Disney’s adaption of “The Nutcracker” is a must-see film for the winter season. In order to prep for the film, I watched New York City Ballet’s performance of “The Nutcracker,” which is on Netflix and listened to an audiobook on YouTube of the original story. Neither of these fully prepared me for the unique Disney film.
The title is essentially what makes the film similar to the book and ballet, but the content distinguishes it from all other previous versions. Each version takes on different characteristics, but the original story was written in a Gothic manner.
“Alexandre Dumas altered that original version, making it lighter and less scary,” according to National Public Radio. “In 1892, a team of Russians turned Dumas’ version into a ballet. ‘The Nutcracker’ did not enjoy great success at first, but the music by Pyotr Ilyich eventually did.”
E.T.A. Hoffmann’s 1816 fairytale, on which the ballet is based, is troubling. The tale shows a young girl, Marie, fall in love with a nutcracker doll, whom she only sees come alive when she falls asleep. In one gruesome battle between this nutcracker prince and a seven-headed mouse king, Marie falls in a fevered dream into a glass cabinet and cuts her arm badly.
While the girl heals from her wound, the mouse king brainwashes her in her sleep. Her family forbids her from speaking of her “dreams” anymore. When the girl vows to love an ugly nutcracker, he comes to life and she marries him. The two of them leave Marie’s real life forever to live in the doll kingdom. Marie is a girl who exists only to take care of her imagined prince, a girl who vanishes, disempowered and subjugated, to a kingdom ruled by dolls. Crazy, right?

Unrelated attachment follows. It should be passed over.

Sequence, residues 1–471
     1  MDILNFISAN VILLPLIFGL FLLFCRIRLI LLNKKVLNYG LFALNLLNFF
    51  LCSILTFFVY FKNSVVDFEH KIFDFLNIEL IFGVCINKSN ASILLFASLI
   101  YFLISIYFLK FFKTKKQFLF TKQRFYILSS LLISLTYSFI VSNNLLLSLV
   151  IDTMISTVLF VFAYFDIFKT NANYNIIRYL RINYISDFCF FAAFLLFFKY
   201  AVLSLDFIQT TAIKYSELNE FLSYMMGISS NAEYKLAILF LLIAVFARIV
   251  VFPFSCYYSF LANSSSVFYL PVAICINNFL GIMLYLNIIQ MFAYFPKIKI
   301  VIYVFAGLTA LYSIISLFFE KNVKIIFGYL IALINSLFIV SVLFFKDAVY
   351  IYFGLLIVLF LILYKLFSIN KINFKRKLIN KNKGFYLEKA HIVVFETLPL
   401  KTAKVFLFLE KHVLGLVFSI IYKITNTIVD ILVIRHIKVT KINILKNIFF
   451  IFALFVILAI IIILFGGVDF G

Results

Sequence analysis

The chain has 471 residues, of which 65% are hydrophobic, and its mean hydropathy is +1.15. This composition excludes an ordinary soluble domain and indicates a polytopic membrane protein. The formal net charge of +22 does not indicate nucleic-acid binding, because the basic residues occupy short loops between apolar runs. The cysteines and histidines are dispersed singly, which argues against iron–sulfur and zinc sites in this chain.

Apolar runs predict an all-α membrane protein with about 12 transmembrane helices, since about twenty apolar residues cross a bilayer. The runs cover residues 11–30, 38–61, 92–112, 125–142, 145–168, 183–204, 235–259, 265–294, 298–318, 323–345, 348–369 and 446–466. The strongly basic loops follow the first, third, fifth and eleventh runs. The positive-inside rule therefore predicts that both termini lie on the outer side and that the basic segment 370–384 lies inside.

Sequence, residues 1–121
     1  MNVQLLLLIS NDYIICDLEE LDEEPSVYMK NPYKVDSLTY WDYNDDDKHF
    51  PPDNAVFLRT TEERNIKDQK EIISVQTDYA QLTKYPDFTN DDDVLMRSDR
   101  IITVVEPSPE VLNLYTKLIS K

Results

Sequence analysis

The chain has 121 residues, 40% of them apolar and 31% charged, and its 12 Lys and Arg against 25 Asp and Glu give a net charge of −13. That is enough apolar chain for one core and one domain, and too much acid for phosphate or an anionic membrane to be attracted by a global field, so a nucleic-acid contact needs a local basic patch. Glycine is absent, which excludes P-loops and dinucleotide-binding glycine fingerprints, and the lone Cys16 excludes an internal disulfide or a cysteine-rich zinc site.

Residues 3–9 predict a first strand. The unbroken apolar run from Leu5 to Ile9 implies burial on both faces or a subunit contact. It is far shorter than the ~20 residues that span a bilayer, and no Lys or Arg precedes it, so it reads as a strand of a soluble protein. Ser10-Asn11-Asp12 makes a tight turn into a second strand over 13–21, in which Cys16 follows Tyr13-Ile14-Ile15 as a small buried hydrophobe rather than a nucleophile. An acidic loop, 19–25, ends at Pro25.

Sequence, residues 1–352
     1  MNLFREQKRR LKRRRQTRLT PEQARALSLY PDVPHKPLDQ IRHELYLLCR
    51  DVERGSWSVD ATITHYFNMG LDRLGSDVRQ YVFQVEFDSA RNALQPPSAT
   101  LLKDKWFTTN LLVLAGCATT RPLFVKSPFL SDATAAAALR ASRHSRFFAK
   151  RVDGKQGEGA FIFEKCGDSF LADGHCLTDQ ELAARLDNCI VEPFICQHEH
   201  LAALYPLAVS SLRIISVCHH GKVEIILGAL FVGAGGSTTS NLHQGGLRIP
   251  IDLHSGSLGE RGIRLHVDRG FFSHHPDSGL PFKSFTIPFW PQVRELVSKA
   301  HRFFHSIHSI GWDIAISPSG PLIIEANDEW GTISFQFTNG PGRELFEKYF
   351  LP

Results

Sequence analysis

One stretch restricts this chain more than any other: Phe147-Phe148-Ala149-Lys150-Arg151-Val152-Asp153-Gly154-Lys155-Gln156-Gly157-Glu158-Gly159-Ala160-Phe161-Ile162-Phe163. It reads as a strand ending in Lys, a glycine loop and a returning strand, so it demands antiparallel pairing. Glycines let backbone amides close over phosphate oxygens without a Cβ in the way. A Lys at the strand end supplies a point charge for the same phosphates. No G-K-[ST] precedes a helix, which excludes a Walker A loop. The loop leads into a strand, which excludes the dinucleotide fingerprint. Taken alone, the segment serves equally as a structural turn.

Before going to watch the new film, I took it upon myself to listen to the soundtrack. The song “Fall On Me” by the father and son duo Andrea and Matteo Bocelli caught my attention and quickly became my favorite song for a while. This classical masterpiece symbolizes the movie as a whole.
Disney’s version, unlike those before it, reveals a journey to self-discovery. Clara goes on a quest to find the one-of-a-kind key to open a box given to her by her mother. This magical voyage takes her on the road to adventure where the unknown awaits.
The festive celebrations begin on Christmas Eve when Clara’s family and friends gather to dance, eat, tell stories and enjoy the festive season. Disney does a wonderful job expounding the importance of Christmas Eve.
Disney’s adaptation of The Nutcracker seemed to be a continuation of the original book “The Nutcracker and the Mouse King,” written by E.T.A. Hoffmann. The beautiful scenery and outstanding play was written by Ashleigh Powell along with the original writings of Hoffmann and Marius Petipa. The film was produced by Mark Gordon, Lindy Goldstein, Larry Franco and Walt Disney Pictures.
One should not go to the cinema and expect the same plot from the original story or play—Disney loves to change even the little things.
Photo courtesy of Laurie Sparham/Disney